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Chapter 75: The Monkeys Burn Lanka
The Monkeys Burn Lanka
In order to make know what should be done next, the glorious Sugreeva spoke the following words to Hanuman: “Since Kumbhakarna and Ravana’s sons have been killed, Ravana can no longer put up any defense. As such, taking blazing torches, all the swift and mighty monkeys should immediately storm the city of Lanka.”
The sun having set, those stalwart monkeys headed straight towards Lanka during that dreadful night. Attacked from all sides by monkeys with torches in their hands, the rakshasas who were guarding the gates suddenly ran away. The jubilant monkeys set fire to the gateways, rooftops, streets, alleys and palaces. The fire burnt thousands of buildings, so that palaces the size of mountains collapsed on the ground. Aloewood, costly sandalwood, pearls, shiny gems, diamonds and coral were incinerated. Linen, beautiful silks, wool, gold ornaments and weapons were also being burnt.
The raging fire destroyed many different kinds of buildings, the saddles and trappings of horses, the chain mail worn by elephants, the decorations for chariots, coats of armor for warriors, leather padding for elephants and horses, swords, bows, bowstrings, arrows, lances, goads, spears, blankets and rugs made from animal hair, tiger skins, musk perfume, palaces inlaid with pearls and gems, and stockpiles of all kinds of weapons. The fire also destroyed all kinds of picturesque dwellings. The fire burn tens of thousands of houses of the rakshasas, who were very attached to their homes. Wearing coats of gilded armor encrusted with gems and garlands of flowers, the rakshasas were trying to protect their homes. Some had eyes quivering from drinking liquor, walking slowly due to intoxication. Some where dressing with the assistance of their wives. They were furious at their enemies. Some were carrying maces and pikes in their hands, others were eating and drinking. Some were sound asleep with their loved ones in opulent beds. Others were running around panic-stricken with their sons as the conflagration flared up again and again.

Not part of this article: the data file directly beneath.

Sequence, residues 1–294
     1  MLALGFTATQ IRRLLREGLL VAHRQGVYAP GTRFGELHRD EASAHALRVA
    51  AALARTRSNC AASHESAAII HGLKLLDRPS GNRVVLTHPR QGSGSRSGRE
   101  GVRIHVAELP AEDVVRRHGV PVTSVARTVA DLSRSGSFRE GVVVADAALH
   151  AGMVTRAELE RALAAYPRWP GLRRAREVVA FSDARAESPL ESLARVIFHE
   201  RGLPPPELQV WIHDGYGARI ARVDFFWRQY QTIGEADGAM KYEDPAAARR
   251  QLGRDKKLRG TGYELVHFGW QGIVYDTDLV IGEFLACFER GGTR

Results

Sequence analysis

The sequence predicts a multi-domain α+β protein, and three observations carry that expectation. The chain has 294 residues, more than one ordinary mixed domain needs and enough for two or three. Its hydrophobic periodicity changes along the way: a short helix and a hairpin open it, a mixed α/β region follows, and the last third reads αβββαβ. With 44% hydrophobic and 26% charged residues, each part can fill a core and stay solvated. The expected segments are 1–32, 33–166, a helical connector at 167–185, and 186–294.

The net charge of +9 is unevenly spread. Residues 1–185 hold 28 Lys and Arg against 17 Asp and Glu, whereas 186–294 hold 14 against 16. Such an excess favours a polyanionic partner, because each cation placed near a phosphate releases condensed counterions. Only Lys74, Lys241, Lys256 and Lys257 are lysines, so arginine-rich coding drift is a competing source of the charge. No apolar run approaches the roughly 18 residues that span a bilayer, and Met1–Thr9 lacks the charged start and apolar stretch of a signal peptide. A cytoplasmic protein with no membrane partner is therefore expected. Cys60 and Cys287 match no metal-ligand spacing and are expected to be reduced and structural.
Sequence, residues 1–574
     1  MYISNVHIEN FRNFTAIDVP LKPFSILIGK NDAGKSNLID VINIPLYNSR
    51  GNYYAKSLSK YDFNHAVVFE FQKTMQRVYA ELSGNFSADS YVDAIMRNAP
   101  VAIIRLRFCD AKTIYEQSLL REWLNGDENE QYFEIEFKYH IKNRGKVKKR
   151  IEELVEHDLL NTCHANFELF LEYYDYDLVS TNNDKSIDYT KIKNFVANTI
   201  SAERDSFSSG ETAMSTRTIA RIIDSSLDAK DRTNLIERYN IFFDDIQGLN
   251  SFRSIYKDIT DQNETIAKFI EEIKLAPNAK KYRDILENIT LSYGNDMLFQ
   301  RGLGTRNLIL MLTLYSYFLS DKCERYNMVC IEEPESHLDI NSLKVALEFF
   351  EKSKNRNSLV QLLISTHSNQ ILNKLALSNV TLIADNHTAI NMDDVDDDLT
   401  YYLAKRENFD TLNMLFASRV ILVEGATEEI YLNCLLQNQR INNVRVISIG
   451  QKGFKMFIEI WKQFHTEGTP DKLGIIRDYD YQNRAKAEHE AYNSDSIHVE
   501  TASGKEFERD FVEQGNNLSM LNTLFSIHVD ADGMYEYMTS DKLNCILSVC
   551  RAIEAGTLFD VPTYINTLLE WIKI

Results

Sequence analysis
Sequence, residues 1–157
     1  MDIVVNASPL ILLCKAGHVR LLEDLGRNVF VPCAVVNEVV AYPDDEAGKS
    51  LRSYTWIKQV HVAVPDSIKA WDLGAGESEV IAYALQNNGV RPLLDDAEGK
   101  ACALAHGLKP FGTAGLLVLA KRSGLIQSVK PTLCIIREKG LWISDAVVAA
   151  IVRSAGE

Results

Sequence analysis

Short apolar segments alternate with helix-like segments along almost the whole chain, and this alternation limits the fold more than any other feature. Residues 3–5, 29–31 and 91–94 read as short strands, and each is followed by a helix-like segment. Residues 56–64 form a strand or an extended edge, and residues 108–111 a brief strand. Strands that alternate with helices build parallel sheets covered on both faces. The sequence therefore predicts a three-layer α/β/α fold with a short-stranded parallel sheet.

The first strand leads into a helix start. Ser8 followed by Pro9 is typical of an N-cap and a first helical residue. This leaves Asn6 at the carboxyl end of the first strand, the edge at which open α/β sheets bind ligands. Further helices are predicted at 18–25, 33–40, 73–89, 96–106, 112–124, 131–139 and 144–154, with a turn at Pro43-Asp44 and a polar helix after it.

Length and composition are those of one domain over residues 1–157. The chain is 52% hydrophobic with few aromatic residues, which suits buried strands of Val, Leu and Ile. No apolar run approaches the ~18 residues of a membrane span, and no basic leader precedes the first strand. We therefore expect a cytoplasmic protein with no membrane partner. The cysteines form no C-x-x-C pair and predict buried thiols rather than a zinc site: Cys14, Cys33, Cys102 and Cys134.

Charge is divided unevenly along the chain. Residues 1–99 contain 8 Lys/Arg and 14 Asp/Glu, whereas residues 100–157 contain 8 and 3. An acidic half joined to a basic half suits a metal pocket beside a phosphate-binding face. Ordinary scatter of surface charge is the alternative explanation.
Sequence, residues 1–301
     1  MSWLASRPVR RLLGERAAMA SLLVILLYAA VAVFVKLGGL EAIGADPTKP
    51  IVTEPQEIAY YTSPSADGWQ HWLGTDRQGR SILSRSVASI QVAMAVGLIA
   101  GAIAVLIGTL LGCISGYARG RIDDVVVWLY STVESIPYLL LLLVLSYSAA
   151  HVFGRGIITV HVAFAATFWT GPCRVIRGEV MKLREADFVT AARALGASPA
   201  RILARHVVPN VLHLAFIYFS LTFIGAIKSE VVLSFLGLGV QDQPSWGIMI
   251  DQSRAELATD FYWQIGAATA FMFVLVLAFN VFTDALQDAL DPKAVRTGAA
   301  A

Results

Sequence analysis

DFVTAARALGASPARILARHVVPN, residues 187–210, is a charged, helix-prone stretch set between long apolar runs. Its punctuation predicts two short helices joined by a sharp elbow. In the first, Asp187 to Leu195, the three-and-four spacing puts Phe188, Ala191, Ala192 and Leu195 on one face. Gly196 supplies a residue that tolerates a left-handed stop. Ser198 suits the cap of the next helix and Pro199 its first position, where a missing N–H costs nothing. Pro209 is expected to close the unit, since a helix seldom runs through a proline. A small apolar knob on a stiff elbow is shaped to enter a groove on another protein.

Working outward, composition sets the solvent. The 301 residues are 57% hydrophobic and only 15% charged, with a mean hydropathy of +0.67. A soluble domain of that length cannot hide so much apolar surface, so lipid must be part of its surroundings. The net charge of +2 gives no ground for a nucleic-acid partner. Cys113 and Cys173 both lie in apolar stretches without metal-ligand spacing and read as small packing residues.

The fire consumed huge mansions that were solidly built, luxurious and spacious. These were in the shape of full moons or crescent moons and were lofty. They had latticed windows and were supplied with furniture throughout. They were inlaid with gems and coral and appeared to touch the sun. They resounded with the cries of herons and peacocks, the playing of Veenas and the jingling of ornaments. They looked like mountains. Enveloped with flames, the arches looked like a mass of clouds girt by lightning. Enveloped with flames, the houses shone like mountain peaks covered with forest fires. Being burnt while sleeping in their mansions, lovely women abandoned their ornaments and cried out in distress. The houses engulfed in flames collapsed like mountain peaks struck by Lord Indra’s thunderbolt. As they burned, they shone from a distance like the peaks of the Himalaya Mountains burning on all sides.
With its rooftops burning at night, Lanka looked as if it were adorned with Kimshuka trees. With its elephants set free by their keepers and its horses also, Lanka looked like the ocean swarming with alligators at the end of the world. Seeing a horse set free, an elephant became frightened and ran. The freed horse saw the frightened elephant and also became frightened, turning back. The reflection of the burning city on the ocean made it look as if the water was red. An hour after the monkeys had set fire to the city, it looked like the earth engulfed in fire at the horrible end of the world. The loud shrieks of women enveloped by smoke and burnt by fire could be heard at a distance of one hundred yojanas. Eager for battle, the monkeys would unexpectedly assault those rakshasas who rushed out of the city with badly burnt bodies. The shouts of the monkeys and the wails of the rakshasas caused all directions, including the ocean and earth, to resound.
Their wounds healed and un-bewildered, the two great princes, Rama and Lakshmana, grabbed their excellent bows. Then Rama drew back His excellent bow and produced a tumultuous twang which terrorized the rakshasas. While stretching His bow, Rama looked like the Supreme Lord stretching His bow comprised of the Vedas. The twang of Rama’s bowstring could be heard above the shouts of the monkeys and the wails of the rakshasas. The three sounds—the monkeys shouts, the Rakshasa’s wails and the twang of Rama’s bowstring—filled the ten directions. The arrows released from Rama’s bow caused the main city gateway, which resembled a peak of Mount Kailasa, to collapse.